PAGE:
Should Apple Be Forced to Open a Back Door to Customer Security?
Last February 16, Apple CEO Tim Cook wrote a public letter to Apple customers, detailing the demand of the US government for the company to unlock an iPhone of one of Apple’s users. The owner of the iPhone was suspected shooter Syed Rizwan Farook, who was arrested for involvement in the San Bernardino incident last December, which killed 14 and injured 22.
Cook clearly intends to fight the order of the FBI because he says, “It threatens the security of our customers.” He adds that Apple is “deeply committed to safeguarding data” and that this request by the government has far-reaching implications.
Just imagine if anyone, especially the government, had a backdoor access to every piece of information on your smartphone. Your life would be an open book. The security implications and risks are tremendous and could easily get out of hand because, as Cook explains, “The government suggests this tool could only be used once, on one phone. But that’s simply not true. Once created, the technique could be used over and over again, on any number of devices.”
A Central California judge, Sheri Pym, has ordered Apple to create software for the FBI that would allow them to bypass the phone’s self-destruct mechanism and break the password of Farook – something called bruteforce.
Is Terrorism a Good Enough Reason?
The world is becoming a scarier place and the government (through its FBI and police) is at a disadvantage when fighting criminality and terrorism. Often, they come up empty, as in the case of Farook’s phone, which they have been unsuccessful in unlocking for the past two months. FBI Director James Comey has been very vocal about how smartphone encryptions have hampered their efforts to fight crime. For most of 2015, Comey had been pushing that the All Writs Act of 1789 should compel companies to provide them with legal access to smartphones. Presidential candidate Hillary Clinton has openly called for a “Manhattan-like project” to break encryption to help law enforcers.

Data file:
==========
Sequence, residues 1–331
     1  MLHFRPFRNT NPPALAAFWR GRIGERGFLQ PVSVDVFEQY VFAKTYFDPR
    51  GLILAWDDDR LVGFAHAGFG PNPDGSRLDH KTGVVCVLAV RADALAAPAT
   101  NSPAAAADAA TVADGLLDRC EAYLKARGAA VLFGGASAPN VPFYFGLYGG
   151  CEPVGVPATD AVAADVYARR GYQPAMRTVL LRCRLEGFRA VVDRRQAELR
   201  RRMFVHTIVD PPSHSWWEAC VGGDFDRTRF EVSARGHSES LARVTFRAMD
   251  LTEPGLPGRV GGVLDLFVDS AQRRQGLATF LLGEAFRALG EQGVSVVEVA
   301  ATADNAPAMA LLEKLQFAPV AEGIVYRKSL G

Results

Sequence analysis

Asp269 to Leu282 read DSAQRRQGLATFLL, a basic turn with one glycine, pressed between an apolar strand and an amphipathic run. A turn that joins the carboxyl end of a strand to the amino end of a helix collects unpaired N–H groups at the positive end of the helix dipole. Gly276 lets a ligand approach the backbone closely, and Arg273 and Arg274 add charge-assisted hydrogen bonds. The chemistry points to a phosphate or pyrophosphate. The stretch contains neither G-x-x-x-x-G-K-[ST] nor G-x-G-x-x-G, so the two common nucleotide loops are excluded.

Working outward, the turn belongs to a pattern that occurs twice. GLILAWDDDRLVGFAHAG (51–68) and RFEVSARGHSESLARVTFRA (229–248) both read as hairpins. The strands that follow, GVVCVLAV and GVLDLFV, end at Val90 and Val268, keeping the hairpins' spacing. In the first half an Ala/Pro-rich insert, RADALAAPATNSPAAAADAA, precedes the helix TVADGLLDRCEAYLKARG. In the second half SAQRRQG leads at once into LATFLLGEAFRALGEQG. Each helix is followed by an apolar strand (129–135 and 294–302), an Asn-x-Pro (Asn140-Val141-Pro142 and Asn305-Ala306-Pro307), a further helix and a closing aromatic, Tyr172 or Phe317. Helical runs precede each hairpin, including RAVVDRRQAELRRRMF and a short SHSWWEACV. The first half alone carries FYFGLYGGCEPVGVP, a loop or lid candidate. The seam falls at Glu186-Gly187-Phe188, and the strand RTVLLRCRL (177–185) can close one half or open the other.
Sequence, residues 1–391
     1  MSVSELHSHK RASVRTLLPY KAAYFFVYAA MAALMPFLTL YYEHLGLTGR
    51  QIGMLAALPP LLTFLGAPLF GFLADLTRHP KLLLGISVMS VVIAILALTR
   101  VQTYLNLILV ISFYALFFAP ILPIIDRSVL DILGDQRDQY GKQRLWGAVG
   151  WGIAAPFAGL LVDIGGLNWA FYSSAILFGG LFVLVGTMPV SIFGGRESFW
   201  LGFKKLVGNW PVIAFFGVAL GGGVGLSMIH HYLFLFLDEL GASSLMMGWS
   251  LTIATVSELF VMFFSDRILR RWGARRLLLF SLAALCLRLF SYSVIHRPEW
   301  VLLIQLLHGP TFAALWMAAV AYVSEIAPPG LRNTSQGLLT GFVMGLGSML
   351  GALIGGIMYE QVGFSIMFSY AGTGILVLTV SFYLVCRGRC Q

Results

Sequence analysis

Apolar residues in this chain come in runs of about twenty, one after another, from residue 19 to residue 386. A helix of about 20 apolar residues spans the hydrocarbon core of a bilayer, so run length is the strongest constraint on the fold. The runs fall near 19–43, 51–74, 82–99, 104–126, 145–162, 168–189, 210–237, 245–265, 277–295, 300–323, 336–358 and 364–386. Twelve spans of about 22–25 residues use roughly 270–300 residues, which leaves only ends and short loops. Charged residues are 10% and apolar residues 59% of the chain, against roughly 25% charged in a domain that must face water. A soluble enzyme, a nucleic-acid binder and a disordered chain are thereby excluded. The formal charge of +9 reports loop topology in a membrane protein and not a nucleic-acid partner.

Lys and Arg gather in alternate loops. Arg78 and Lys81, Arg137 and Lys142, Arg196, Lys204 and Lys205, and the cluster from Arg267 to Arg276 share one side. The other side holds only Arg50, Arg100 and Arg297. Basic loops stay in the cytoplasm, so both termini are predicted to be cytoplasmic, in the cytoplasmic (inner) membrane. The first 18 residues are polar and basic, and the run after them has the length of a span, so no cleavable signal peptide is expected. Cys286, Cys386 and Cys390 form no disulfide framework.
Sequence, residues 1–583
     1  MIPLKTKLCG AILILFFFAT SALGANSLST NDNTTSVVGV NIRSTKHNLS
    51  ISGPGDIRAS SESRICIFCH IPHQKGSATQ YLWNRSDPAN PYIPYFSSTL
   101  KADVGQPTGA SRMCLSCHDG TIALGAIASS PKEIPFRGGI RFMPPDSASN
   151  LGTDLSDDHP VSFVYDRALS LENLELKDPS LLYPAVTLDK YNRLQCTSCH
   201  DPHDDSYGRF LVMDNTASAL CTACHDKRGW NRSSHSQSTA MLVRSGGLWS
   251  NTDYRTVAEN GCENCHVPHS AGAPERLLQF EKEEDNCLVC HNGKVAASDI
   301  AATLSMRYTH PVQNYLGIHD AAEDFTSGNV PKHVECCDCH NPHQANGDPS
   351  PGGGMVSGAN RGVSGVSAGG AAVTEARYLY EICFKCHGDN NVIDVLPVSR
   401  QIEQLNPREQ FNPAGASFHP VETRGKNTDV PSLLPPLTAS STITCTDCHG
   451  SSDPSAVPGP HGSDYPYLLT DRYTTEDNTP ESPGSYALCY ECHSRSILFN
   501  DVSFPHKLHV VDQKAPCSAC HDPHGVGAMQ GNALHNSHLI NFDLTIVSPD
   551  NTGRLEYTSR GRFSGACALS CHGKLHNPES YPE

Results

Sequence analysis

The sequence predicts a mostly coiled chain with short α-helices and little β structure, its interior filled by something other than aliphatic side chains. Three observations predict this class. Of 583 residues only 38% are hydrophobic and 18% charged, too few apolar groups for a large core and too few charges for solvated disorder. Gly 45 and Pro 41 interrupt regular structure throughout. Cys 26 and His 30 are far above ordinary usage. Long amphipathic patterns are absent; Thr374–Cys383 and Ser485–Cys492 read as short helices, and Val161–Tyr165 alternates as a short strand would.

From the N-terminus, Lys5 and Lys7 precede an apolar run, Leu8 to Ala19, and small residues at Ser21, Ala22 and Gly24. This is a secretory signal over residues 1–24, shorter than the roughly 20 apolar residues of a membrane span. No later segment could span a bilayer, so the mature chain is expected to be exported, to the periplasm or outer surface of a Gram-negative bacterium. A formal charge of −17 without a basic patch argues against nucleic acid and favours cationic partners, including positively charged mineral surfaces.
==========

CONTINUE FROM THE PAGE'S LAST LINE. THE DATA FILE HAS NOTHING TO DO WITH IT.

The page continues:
According to Kevin Bankston of New America’s Open Technology Institute, compelling a company like Apple to create a backdoor to their security features could set a legal precedent for the government to require the same of other companies in the future. This could lead to secret installation of specific malware in all operating systems for all electronic devices. This would mean loss of trust in digital devices and a compromise in the growth of an industry on which the world has come to depend.
Cook has said that should Apple be forced to create a backdoor to their security encryption and allow the FBI access, there is no guarantee that it will be safe in the hands of the FBI. This code, like a master key, would be able to open any Apple product and the company would not be able to control access or provide the same security guarantee all Apple users enjoy now.
The Question Is: Isn’t There Any Other Way to Fight Crime and Terrorism?
A weakened encryption affects everyone and increases the risks to hacking and cybercrime. Even those who create the backdoor will have the power to break into any phone. The implications are chilling. Your personal and private information will be available to anyone with this master key. At any time, a person with access to this code can be victimized to give the code.
In addition, the court order to turn off a security feature with new software so the FBI can “bruteforce” the phone suggests that the code should be given to the FBI immediately. This means Apple will have no time to test or debug the new software.
And with all that has happened, another issue has come to light: Apple’s security is not really that secure after all, as someone out there might decide to independently create that backdoor entry now that it has been confirmed as capable. Furthermore, from the point of the government, forcing a private entity to do something it does not want to do has scary written all over it.
The bottom line: There should be another way to fight crime and terrorism.